Tuesday, August 31

bedside reading

i love reading. and i love nick cave. and when the two come together i'm in the throes of outright fucking passionate passion.

anton marshall from nobodyknowsyourname (and now channel24's music ed) knows this wee fact about me and presented me with a little surpise something something over the weekend.

the death of bunny munro.

i think the last cover is the most apt. bunny's a bipolar (in my opine) sex addicted, door-to-door salesman haunted by the wife he drove to suicide and in charge of parenting the crusty eyed nine-year-old left behind.

it's not a pretty picture. and frankly, i'm not - like one write-up suggested - falling inlove with bunny against all odds. he's quite stinky.

but i love the story and the characters and the language and twisted tragidy of it all. cave is unbearably good. munro is on a different level to and the ass... it's easier to read, it seems less painfully written and is probably more accessible to more people

'Cave's previous novel, And the Ass Saw the Angel, was a gothic fever-dream composed of swamp gas and scripture, presided over by the spirit of Faulkner and O'Connor. This second book, though, is more original.' -- Herald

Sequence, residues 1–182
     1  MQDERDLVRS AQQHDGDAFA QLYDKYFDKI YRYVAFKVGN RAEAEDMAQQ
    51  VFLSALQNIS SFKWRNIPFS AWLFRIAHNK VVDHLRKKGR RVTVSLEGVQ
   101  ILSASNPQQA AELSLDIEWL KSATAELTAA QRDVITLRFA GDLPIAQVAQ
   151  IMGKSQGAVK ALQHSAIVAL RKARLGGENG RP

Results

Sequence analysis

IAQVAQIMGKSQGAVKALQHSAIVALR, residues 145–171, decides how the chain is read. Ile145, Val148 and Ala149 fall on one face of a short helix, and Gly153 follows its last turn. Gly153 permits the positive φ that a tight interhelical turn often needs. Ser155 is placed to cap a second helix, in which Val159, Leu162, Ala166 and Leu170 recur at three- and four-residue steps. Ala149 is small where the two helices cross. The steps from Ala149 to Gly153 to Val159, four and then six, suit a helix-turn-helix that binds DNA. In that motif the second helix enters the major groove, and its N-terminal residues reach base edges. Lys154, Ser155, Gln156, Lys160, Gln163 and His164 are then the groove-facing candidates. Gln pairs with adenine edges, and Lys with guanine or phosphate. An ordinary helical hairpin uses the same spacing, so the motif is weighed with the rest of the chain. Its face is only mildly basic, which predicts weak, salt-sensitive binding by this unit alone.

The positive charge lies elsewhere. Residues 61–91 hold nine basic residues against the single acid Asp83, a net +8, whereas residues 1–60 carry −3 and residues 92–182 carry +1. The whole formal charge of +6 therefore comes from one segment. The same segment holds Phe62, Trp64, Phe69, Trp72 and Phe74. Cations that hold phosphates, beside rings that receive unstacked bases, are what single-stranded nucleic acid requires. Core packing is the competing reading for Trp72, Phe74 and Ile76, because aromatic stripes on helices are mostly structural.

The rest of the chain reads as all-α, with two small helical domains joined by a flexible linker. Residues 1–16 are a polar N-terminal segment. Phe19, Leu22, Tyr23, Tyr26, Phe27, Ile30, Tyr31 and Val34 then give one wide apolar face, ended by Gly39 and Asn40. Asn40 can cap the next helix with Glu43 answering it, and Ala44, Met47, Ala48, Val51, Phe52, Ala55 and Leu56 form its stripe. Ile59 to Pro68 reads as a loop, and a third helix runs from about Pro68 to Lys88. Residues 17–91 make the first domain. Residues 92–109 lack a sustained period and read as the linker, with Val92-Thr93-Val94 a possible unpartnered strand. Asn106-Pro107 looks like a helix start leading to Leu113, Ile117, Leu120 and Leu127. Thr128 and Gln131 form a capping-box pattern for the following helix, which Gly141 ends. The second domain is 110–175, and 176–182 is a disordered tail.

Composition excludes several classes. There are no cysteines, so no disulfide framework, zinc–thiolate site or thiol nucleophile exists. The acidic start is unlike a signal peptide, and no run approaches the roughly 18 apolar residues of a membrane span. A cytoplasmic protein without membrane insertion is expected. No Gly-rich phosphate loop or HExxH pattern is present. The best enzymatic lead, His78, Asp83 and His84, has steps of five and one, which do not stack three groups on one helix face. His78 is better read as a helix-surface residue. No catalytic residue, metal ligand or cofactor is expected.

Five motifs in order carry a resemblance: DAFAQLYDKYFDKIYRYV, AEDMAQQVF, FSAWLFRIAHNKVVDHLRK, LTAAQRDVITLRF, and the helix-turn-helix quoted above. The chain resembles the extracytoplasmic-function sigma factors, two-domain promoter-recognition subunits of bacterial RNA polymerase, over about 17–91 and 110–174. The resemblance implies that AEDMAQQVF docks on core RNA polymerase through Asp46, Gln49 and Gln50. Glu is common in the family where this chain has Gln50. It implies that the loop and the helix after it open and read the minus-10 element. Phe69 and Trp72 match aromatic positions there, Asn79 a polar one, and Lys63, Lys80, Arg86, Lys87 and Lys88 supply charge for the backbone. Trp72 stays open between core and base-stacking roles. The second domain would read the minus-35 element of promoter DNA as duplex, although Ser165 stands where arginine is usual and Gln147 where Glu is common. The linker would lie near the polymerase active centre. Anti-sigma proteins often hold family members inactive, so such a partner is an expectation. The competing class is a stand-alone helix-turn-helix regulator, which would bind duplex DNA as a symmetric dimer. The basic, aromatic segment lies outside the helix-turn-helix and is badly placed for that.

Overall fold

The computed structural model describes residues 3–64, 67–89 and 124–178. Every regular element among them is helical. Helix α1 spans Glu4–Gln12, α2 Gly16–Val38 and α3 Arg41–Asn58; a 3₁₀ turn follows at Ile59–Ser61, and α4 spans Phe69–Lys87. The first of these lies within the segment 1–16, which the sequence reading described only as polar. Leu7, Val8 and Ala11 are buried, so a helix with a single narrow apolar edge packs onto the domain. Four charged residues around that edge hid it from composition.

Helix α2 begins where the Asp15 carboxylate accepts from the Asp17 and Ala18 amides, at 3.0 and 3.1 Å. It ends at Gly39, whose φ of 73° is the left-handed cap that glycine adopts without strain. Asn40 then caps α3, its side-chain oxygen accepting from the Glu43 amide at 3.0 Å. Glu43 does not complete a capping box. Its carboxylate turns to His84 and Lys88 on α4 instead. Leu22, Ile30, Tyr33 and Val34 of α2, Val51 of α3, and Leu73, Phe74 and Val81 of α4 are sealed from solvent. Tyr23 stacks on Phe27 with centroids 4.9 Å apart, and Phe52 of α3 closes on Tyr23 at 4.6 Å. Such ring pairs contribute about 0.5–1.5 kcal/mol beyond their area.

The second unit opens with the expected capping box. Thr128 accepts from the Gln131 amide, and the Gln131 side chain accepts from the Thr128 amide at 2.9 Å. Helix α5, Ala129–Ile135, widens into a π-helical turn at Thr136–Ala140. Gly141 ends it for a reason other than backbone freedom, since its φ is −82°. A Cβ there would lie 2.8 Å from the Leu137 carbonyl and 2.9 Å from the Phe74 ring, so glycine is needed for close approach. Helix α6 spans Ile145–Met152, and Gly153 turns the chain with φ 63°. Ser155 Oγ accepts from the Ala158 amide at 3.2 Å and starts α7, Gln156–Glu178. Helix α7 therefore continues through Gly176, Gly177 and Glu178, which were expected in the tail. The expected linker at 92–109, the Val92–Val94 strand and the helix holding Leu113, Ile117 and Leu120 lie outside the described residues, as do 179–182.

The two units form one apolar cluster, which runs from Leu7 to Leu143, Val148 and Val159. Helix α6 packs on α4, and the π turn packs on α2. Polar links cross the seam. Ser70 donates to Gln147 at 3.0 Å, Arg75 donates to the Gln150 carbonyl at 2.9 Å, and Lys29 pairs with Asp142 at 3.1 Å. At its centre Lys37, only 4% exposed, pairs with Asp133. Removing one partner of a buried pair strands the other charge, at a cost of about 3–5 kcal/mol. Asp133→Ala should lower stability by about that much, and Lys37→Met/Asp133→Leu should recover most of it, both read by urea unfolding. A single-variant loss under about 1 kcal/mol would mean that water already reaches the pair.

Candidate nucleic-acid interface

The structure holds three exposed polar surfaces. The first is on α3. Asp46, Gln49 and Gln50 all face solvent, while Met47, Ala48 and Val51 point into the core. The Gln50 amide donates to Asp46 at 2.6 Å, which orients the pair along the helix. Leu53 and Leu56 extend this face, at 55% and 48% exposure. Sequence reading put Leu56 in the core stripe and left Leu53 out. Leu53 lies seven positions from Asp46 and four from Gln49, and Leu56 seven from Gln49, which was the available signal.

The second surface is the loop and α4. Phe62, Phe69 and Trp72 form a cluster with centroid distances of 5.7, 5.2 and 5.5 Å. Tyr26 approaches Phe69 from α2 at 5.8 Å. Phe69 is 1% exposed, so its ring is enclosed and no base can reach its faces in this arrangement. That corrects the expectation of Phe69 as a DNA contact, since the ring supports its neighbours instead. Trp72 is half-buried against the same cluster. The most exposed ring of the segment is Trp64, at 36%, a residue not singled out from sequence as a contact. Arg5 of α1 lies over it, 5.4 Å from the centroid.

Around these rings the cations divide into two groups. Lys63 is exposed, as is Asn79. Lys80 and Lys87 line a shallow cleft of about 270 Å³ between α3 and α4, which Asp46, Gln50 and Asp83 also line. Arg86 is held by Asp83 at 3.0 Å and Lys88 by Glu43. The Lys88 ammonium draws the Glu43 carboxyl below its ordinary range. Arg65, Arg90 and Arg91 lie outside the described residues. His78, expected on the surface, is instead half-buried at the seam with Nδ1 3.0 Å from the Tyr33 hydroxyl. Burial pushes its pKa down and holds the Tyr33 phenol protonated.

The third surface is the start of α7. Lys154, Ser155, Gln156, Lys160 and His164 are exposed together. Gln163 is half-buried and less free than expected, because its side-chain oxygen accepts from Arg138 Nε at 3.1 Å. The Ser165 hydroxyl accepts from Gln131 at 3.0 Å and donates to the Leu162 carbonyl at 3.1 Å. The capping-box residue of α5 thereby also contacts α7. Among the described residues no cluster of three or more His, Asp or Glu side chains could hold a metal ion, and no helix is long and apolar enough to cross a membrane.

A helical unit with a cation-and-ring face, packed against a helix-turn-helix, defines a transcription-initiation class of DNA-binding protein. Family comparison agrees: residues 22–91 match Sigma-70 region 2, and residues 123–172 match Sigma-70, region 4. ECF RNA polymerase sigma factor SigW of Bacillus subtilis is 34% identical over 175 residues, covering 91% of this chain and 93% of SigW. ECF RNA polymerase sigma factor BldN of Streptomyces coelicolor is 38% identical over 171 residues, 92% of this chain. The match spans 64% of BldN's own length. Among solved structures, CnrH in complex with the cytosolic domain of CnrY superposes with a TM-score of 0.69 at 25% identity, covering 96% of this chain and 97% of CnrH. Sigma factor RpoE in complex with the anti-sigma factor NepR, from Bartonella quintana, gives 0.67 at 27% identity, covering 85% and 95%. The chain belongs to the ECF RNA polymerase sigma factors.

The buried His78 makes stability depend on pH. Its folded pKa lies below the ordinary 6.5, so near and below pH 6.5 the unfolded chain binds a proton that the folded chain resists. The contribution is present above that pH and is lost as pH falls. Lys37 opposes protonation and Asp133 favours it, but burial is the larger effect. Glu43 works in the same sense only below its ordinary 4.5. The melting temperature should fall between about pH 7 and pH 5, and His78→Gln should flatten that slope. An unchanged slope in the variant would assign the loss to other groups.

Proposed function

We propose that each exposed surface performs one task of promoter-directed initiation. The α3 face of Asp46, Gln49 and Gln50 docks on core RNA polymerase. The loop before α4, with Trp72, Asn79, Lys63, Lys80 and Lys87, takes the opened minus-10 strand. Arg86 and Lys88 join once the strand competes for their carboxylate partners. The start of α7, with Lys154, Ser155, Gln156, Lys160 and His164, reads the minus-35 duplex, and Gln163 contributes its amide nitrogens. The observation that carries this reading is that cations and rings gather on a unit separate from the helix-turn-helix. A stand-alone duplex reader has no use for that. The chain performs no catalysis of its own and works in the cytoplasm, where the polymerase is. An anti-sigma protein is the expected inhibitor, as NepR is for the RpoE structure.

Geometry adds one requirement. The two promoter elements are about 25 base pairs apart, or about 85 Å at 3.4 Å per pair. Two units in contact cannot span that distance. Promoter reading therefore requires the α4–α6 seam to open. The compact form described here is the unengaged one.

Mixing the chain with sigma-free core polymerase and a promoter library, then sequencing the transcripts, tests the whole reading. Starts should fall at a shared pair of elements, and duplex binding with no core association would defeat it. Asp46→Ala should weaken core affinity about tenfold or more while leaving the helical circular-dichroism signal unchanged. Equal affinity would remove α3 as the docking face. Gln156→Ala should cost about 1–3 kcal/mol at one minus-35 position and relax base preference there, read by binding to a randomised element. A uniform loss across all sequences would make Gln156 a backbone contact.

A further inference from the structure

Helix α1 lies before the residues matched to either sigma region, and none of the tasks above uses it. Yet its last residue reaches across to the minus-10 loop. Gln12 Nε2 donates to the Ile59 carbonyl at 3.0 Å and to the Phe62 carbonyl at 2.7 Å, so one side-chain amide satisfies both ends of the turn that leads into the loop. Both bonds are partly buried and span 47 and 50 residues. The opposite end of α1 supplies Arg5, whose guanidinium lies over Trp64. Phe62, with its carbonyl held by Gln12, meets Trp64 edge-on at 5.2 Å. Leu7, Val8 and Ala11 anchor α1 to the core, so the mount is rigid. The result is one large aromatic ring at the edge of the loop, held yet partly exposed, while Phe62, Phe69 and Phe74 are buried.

Carolyn said...

as i said to you, i found it quite frothy on some levels, but i had so many moments where i had to reread a sentence over and over for the pure joy of it - Nick knows how to say things in interesting and original ways...

kyknoord said...

Love the Herald comment. Never read it, but I did date someone with an angelic ass.

Warren said...

I found Bunny Monroe to be a weak postmodern cliche. It was like he was trying to be Martin Amis, but failed. Couldn't have been more upset given how much I love Nick Cave.

dorothy said...

carolyn - i'm still trying to figure out what you mean by frothy :)

kn - it was my fave

warren - really? i've never read amis (shock shock horror horror -- don't tell a soul)... i think the point of promise in cave's munro character was how well he plotted munro's delusion and then his slow rise to the surface and the kid's gradual recognition that his dad's actually fucked, not fucking awesome

Warren said...

Fair enough. I read it badly wanting to like it, but feeling like I had read it all before. Was a difficult time.